Articles | Volume 9, issue 2
Clim. Past, 9, 969–982, 2013

Special issue: Progress in paleoclimate modelling

Clim. Past, 9, 969–982, 2013

Research article 15 Apr 2013

Research article | 15 Apr 2013

The sensitivity of the Arctic sea ice to orbitally induced insolation changes: a study of the mid-Holocene Paleoclimate Modelling Intercomparison Project 2 and 3 simulations

M. Berger1,2, J. Brandefelt1,2, and J. Nilsson2,3 M. Berger et al.
  • 1Linné Flow Centre, Dept. of Mechanics, Royal Institute of Technology, Stockholm, Sweden
  • 2Bert Bolin Centre for Climate Research, Stockholm University, Stockholm, Sweden
  • 3Dept. of Meteorology, Stockholm University, Stockholm, Sweden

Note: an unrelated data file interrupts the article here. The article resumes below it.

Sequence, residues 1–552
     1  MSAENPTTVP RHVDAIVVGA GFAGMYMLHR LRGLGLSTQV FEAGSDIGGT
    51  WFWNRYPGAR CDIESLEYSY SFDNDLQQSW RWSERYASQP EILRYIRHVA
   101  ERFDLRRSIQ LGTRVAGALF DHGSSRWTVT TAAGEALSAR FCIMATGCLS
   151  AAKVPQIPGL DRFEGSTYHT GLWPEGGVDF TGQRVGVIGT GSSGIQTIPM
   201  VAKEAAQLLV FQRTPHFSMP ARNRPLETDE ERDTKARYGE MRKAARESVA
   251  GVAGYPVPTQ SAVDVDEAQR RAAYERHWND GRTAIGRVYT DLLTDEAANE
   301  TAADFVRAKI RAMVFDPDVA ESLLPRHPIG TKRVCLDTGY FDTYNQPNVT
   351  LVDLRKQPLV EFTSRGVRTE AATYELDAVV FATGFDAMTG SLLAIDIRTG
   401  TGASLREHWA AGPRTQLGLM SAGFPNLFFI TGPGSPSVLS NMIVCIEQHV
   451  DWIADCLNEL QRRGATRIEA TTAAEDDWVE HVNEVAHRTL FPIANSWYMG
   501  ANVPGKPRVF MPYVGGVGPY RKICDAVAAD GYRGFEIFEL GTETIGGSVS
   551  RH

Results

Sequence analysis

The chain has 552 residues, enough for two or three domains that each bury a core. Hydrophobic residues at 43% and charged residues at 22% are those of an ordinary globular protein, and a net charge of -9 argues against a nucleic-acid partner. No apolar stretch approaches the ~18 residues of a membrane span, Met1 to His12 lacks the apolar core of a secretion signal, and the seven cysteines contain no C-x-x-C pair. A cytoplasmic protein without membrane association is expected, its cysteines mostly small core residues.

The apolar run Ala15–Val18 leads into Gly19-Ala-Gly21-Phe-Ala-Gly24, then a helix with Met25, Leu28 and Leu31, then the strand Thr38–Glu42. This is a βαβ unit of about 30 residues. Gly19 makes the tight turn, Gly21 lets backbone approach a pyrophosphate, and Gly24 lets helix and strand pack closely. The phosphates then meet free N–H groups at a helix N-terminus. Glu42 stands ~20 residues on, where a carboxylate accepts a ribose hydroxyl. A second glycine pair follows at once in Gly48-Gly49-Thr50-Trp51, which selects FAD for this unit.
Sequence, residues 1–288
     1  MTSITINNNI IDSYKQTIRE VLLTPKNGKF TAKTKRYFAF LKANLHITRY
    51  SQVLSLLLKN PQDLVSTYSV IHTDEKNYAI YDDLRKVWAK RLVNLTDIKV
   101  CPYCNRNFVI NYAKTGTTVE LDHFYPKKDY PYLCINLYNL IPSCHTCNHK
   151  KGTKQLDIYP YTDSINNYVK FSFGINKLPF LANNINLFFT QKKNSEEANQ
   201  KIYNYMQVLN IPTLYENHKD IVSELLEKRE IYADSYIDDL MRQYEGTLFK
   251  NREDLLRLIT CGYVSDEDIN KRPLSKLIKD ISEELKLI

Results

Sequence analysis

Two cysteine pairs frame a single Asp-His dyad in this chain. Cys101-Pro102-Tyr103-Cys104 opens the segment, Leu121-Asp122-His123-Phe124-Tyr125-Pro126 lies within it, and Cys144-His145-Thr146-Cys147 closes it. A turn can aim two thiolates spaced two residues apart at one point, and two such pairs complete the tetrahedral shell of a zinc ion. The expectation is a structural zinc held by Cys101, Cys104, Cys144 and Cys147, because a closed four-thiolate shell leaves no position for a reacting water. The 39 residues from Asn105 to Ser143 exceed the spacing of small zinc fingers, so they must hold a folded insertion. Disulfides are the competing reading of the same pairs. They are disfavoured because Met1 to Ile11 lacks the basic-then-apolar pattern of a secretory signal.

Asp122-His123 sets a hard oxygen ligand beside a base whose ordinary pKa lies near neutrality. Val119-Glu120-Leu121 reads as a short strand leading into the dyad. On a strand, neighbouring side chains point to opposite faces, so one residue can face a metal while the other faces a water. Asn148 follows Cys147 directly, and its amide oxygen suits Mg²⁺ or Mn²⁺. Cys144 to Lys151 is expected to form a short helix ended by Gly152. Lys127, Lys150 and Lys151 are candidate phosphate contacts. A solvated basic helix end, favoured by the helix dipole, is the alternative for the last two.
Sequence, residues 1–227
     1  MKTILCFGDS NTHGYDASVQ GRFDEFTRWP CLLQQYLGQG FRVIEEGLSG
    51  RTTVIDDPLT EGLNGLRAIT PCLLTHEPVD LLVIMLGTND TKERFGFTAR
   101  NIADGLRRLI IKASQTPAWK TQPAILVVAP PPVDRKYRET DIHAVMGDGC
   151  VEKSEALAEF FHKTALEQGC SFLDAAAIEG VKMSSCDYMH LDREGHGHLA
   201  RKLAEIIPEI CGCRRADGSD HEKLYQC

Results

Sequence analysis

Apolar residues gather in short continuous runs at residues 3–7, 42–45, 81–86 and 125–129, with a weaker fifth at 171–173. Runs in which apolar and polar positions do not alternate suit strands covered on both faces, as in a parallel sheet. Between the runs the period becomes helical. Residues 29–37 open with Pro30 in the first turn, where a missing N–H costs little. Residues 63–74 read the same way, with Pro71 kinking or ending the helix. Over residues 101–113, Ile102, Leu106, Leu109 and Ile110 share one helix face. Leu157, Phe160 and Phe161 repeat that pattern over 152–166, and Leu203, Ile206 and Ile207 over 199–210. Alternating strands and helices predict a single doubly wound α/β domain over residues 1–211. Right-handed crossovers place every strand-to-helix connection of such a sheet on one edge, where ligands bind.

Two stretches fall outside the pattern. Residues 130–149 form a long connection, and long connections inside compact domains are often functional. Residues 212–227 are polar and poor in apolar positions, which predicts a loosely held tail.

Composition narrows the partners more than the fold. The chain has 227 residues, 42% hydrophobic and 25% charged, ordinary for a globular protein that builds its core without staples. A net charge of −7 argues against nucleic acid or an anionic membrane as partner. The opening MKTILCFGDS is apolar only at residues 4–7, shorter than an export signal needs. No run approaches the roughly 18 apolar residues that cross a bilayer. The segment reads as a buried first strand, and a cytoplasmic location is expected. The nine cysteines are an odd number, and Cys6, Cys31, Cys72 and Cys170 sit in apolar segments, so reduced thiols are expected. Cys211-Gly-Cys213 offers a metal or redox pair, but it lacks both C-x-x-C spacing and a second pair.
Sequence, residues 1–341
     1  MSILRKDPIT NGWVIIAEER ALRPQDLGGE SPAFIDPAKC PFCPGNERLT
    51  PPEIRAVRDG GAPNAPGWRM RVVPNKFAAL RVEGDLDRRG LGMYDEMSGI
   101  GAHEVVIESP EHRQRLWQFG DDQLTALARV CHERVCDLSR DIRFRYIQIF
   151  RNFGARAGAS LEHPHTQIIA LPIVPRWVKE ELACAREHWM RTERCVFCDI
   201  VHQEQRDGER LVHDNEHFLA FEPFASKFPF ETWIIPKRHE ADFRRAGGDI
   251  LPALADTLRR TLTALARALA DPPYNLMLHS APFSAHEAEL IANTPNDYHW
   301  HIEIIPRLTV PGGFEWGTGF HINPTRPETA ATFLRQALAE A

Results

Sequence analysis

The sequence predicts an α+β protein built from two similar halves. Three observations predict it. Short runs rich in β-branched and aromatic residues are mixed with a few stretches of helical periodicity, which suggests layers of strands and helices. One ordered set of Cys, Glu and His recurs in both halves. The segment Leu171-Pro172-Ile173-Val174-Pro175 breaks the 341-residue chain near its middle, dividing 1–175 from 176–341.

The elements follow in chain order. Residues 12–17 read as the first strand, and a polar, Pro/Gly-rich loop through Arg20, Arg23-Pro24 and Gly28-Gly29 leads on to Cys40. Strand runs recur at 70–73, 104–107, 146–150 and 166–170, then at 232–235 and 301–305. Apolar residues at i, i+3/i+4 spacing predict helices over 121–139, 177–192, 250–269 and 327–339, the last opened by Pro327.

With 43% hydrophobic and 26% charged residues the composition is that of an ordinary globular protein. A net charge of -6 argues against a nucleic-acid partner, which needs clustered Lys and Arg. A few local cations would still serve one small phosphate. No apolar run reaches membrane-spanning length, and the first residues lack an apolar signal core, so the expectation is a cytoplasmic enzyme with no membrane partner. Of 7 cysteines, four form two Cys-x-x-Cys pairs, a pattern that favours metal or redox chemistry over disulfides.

Abstract. In the present work the Arctic sea ice in the mid-Holocene and the pre-industrial climates are analysed and compared on the basis of climate-model results from the Paleoclimate Modelling Intercomparison Project phase 2 (PMIP2) and phase 3 (PMIP3). The PMIP3 models generally simulate smaller and thinner sea-ice extents than the PMIP2 models both for the pre-industrial and the mid-Holocene climate. Further, the PMIP2 and PMIP3 models all simulate a smaller and thinner Arctic summer sea-ice cover in the mid-Holocene than in the pre-industrial control climate. The PMIP3 models also simulate thinner winter sea ice than the PMIP2 models. The winter sea-ice extent response, i.e. the difference between the mid-Holocene and the pre-industrial climate, varies among both PMIP2 and PMIP3 models. Approximately one half of the models simulate a decrease in winter sea-ice extent and one half simulates an increase. The model-mean summer sea-ice extent is 11 % (21 %) smaller in the mid-Holocene than in the pre-industrial climate simulations in the PMIP2 (PMIP3). In accordance with the simple model of Thorndike (1992), the sea-ice thickness response to the insolation change from the pre-industrial to the mid-Holocene is stronger in models with thicker ice in the pre-industrial climate simulation. Further, the analyses show that climate models for which the Arctic sea-ice responses to increasing atmospheric CO2 concentrations are similar may simulate rather different sea-ice responses to the change in solar forcing between the mid-Holocene and the pre-industrial. For two specific models, which are analysed in detail, this difference is found to be associated with differences in the simulated cloud fractions in the summer Arctic; in the model with a larger cloud fraction the effect of insolation change is muted. A sub-set of the mid-Holocene simulations in the PMIP ensemble exhibit open water off the north-eastern coast of Greenland in summer, which can provide a fetch for surface waves. This is in broad agreement with recent analyses of sea-ice proxies, indicating that beach-ridges formed on the north-eastern coast of Greenland during the early- to mid-Holocene.